Even the so-called safe temperature increase of 2° C would be hotter than at any time in the past 800,000 years. That conceivably could drive the Earth’s climate past various tipping points that could trigger irreversible climate feedbacks.  We don’t yet know enough about the exact temperatures at which these triggers will fire and deliver uncontrollable additional warming.

Absent that knowledge, we are currently conducting a totally unprecedented and reckless experiment with the Earth’s climate.  Climate Peril shows what we’ve already done to the Earth and makes clear that we are heading rapidly towards a climate catastrophe.  One of the most important take-aways from the book is that the 2° C safe warming threshold we often hear about is really not an absolute guarantee of safety, and that we really don’t have much time left to change course in energy and environmental policy, given how vast the changes required of us are.

In the book that follows Climate Peril, a book titled Climate Solutions, I outline the policies that I believe are necessary to address the climate problem as effectively as possible by weaving together energy and transportation with agricultural and forestry programs that, taken together, will arrest the growth of emissions and begin to reduce the burden of greenhouse gases in the atmosphere.  The primary goal of the book is to show how we can combine protection of the climate with economic policies that bring full employment and a just, sustainable economy.


Q. As a science journalist myself, I’d like to know what would you say about the role of science writing and journalism in the movement to restore and protect the Earth. What can writers do that adds to the work of the ecologists and other scientists?

A.  I believe that science writers, like translators, are vital to communicating complicated ideas of science into language the public can understand.  This creates a larger bloc of people who really understand climate issues and the choices that have to made about them.  Science writers understand the methods and language of science and ideally are able to convey it more simply and clearly in ways that are more interesting to people without specialized backgrounds.

One way they do this is to humanize the issue by writing stories in which scientists are protagonists portrayed as characters overcoming obstacles in a saga of discovery. Science writers also sometimes focus on the human implications of research, for example the child cured of asthma by a new medicine or a wetland restored by the ecologist or hydrologist who understands how nature operates and therefore can write a prescription for repairing it.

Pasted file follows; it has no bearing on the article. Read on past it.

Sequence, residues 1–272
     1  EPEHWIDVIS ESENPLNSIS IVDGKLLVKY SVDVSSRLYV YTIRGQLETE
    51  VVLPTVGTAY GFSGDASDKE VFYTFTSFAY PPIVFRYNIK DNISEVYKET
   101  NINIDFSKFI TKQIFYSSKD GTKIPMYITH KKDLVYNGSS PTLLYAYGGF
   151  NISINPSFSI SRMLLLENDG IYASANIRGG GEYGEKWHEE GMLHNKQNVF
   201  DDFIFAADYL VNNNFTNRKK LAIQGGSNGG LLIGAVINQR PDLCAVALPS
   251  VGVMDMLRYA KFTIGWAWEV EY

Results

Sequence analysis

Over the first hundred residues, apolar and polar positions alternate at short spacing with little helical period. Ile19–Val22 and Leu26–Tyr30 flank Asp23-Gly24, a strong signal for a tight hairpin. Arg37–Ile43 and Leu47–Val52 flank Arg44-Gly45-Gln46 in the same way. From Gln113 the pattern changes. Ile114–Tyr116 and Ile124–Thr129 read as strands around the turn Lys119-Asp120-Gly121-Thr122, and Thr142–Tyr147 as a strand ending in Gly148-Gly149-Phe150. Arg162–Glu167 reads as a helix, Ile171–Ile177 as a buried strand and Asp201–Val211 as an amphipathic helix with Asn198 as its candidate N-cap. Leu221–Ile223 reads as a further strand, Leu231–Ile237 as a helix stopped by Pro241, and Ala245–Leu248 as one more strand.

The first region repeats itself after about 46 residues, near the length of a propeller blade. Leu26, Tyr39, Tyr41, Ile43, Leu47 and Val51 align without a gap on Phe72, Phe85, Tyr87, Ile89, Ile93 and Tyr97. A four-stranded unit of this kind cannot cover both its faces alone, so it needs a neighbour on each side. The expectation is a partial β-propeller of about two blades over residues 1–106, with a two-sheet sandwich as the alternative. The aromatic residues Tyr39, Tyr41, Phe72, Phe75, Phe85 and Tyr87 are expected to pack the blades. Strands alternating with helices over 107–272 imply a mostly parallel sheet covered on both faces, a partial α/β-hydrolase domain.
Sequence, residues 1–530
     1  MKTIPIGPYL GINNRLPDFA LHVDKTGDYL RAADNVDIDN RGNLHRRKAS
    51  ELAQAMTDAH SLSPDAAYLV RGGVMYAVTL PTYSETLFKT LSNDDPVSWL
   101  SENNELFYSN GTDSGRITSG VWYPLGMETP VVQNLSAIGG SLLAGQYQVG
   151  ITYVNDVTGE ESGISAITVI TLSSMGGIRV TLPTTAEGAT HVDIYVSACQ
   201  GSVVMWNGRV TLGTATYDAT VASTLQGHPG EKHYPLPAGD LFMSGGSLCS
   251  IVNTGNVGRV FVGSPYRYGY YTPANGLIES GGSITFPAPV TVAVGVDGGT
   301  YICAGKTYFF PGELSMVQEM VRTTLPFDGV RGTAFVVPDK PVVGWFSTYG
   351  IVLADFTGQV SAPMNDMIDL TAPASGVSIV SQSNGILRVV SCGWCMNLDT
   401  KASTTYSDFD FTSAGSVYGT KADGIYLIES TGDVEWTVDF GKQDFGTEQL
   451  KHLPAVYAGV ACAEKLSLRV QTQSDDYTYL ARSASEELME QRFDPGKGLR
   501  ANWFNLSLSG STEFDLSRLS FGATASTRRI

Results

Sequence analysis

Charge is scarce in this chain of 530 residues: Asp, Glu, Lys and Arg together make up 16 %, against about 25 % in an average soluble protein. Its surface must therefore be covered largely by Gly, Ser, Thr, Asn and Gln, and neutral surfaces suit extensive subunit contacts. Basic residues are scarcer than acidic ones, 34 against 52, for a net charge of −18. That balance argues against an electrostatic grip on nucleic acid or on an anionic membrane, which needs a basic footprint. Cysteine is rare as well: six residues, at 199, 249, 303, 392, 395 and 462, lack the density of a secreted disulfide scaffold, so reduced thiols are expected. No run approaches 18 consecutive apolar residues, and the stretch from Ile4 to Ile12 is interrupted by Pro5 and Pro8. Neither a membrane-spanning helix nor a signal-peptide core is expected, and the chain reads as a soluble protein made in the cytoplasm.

In that sense, science writers can highlight good work that can then serve as a model for others to follow. The science journalist can also synthesize and correlate important field observations and bring new scientific and investigative findings to light, as Rachel Carson did with the harmful effects of DDT. Cynics would have us believe that bringing truth to light and expecting change is naïve, but dispelling lies and inaccurate information was essential for controlling pesticides and tobacco and thereby protecting public health. It is equally or more important for science writers to dispel the lies and misinformation that are now so current about climate change so that public officials and leaders have accurate information on which to base climate policy. The information itself is not sufficient to bring sound policies—hard political organizing is necessary—but honest information is a necessary prerequisite.


Q. Who is the main target audience and what is the main goal of Climate Myths?  Is your primary goal to convince those skeptical about climate change, or to educate the general public, or to inspire activists to take even more pro-environmental action?

A. While I hope to reach the general public, I understand that most people are not buyers of books on climate change.  So I think this book will appeal mostly to intellectually curious people; to college faculty and students, environmentalists, activists, renewable energy advocates and entrepreneurs as well as legislators and their aides. As I mentioned earlier, it would be a good “pass along” book for a friend or family member who is confused or skeptical about climate science.